If your roof faces east or west, then you could lose up to 15-20% of your power, which is a significant dent, and should have you wondering whether this will be worth the invest. However, you will still generate a significant amount of power, so if you’re a light user you should be fine. If you roof faces south, south-east or south-west then you will lose a significant amount of your solar potential. In some cases, it is still worth while installing panels, but this should really be discussed in detail with your solar provider.
How many panels do you need for your home?
This will depend on the size of your home and your energy usage, and also on the amount of money that you want to spend. If you’re planning on getting a feed-in solar plan, and selling your excess energy back to the grid then you would be better off purchasing as many panels as your budget will allow.
In general though, it is usually wise to get enough panels to cover your home usage and take any resale as a bonus. So how do you know how much you need?
Well, solar panels are often measured by their 'peak output', this is basically the amount of electricity that the system will produce on a sunny day. It is most commonly measured in Kilowatts (kW). So a 1.5kW solar panel will produce 1.5kW at it’s peak.
The best way to work out what system you need is to review your past usage. You bill should give a summary of your usage in kilowatt hours (kWh). This is basically a measure of how many hours of peak power your system produces. So it is entirely possible for a 1kW solar system to produce 5kWh of energy. It simply means that you're 1kW system produced five hours of peak power. Energy usage is measured in kWh and so will your solar panel system.
A simple method of determining your system requirements is to take your energy usage for the year and divide it by 365, which should give you an idea of your average daily usage in kWh. However, this is just to give you an idea of system requirement. If you are seriously thinking of getting solar panels installed, you should speak with a qualified solar professional who will help ensure that you find a system that fits your needs.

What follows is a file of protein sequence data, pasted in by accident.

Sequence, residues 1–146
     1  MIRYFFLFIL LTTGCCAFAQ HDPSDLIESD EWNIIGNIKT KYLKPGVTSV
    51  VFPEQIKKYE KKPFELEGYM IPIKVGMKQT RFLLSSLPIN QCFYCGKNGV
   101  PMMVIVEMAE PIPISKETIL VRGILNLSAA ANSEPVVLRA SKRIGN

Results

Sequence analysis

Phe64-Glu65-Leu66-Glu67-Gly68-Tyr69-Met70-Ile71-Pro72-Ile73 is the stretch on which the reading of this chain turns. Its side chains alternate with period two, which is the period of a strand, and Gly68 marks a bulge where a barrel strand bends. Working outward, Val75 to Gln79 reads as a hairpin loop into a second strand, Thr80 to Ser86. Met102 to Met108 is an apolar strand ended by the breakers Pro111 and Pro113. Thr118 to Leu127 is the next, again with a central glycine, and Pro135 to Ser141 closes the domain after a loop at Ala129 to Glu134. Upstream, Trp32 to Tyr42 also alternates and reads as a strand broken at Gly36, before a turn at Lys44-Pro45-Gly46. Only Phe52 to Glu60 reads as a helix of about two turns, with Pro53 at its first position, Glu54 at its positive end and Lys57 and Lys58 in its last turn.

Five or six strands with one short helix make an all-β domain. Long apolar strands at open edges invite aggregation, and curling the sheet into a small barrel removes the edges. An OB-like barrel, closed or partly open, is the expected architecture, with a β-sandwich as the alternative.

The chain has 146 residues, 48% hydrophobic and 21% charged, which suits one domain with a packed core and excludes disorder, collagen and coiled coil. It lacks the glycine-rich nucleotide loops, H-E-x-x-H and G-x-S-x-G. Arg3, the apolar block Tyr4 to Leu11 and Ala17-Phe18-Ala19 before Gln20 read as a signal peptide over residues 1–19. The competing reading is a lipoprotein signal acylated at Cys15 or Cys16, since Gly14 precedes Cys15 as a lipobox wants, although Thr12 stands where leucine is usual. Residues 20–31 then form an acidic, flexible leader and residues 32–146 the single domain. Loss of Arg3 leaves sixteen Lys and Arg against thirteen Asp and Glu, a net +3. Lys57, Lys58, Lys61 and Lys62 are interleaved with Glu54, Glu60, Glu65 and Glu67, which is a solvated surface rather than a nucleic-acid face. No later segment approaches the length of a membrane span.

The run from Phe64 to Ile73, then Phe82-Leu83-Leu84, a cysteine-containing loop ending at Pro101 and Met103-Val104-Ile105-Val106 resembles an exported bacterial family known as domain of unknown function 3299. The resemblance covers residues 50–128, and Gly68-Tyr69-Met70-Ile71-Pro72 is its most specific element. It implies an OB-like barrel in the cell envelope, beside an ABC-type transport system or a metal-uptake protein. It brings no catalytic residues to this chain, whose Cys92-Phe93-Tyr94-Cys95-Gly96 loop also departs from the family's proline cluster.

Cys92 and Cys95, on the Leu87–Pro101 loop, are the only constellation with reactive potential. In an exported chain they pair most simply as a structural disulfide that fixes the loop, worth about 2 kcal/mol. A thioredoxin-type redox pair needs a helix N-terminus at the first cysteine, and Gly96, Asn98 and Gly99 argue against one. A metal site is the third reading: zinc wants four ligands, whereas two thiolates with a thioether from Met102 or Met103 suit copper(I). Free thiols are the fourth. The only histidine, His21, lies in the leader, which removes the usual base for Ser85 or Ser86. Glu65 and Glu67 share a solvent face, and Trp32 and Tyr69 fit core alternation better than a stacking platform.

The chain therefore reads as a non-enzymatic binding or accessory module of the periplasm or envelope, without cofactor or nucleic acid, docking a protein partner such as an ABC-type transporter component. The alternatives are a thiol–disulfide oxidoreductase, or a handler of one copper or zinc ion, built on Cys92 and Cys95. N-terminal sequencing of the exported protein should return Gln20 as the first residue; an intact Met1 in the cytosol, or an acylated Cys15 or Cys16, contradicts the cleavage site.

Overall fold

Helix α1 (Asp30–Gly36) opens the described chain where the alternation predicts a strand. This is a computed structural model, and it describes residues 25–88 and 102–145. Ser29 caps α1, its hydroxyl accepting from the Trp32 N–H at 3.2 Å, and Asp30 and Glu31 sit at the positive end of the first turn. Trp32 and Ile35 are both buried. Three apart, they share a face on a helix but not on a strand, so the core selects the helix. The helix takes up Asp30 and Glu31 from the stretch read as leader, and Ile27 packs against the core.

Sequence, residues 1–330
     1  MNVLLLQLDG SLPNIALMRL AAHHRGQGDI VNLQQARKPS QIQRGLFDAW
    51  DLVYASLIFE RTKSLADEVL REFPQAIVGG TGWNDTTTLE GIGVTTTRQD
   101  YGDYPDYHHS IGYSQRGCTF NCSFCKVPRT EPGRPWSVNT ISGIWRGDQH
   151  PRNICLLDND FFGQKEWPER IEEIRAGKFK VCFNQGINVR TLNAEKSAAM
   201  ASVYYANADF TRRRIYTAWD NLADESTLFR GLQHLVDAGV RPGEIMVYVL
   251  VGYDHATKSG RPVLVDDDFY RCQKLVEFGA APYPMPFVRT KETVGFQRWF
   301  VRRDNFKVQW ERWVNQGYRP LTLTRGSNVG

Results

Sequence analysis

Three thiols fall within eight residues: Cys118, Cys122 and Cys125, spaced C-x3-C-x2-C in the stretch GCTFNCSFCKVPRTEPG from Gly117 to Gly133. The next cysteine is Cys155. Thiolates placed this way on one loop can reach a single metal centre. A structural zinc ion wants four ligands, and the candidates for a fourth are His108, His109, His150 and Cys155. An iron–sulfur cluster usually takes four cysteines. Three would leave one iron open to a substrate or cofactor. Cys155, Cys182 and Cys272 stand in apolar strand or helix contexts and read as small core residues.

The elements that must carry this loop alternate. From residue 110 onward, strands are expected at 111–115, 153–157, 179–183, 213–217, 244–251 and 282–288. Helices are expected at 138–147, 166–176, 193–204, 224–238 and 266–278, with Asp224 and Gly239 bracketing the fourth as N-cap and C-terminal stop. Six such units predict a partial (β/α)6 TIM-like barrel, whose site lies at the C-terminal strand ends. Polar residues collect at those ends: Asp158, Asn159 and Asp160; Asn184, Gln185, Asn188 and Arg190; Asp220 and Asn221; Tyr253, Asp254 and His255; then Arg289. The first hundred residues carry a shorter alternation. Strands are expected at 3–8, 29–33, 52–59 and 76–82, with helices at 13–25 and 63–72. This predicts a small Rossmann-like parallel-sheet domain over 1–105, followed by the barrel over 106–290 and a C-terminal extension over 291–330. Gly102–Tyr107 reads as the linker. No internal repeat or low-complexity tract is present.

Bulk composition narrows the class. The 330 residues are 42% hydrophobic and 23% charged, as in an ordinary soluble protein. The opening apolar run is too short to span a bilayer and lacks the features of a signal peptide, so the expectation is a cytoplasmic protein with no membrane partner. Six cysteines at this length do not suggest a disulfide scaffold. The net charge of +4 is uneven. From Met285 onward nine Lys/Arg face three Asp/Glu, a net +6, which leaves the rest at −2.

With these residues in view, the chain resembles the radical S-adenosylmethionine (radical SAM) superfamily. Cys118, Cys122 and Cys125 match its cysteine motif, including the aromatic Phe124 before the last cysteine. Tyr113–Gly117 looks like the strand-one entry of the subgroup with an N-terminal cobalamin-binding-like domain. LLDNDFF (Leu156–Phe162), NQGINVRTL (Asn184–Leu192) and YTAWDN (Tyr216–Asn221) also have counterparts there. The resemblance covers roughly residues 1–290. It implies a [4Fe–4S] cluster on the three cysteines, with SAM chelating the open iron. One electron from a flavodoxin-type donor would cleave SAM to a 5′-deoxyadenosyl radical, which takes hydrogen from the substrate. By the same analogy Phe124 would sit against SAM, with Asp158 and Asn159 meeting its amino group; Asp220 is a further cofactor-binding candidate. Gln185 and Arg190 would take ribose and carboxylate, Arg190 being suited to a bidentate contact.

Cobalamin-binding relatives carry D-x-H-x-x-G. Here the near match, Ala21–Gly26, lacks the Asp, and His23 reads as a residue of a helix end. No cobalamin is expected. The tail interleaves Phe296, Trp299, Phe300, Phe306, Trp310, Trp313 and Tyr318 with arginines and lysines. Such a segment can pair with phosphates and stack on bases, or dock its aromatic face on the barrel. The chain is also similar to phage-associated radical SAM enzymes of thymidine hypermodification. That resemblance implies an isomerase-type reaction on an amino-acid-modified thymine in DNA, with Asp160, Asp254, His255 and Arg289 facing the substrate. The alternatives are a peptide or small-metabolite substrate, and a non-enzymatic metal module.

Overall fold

On-grid and off-grid.
There are two basic types of solar system, on-grid and off-grid. They’re quite self explanatory really. On-grid means that your system is connected to the energy grid, which could allow you to sell your excess power back to the grid. Off-grid means that your system is stand alone, and you’re not connected to any other units. Finding out which type of system is best for your home is a tricky business, and so we’ve created full guides to each type of system, which you can view by clicking the links below.
Can I get paid for the energy that I produce?
If you’re solar system is grid connected, then it may be possible for you to sell your excess energy back to the grid. You do this through a feed-in tariff, which means that you feed-in your electricity to an energy retailer, who re-sell it to other customers across the country.
Are you entitled to rebates?
Another financial benefit of solar power is the energy rebates that may be available to you depending on your state and solar setup. Solar rebates are a tricky thing, and they tend to change quite frequently, so we’ve devoted an entire article to help you understand and get the most out of them. Follow the link below to see if you could save money on your solar panel system.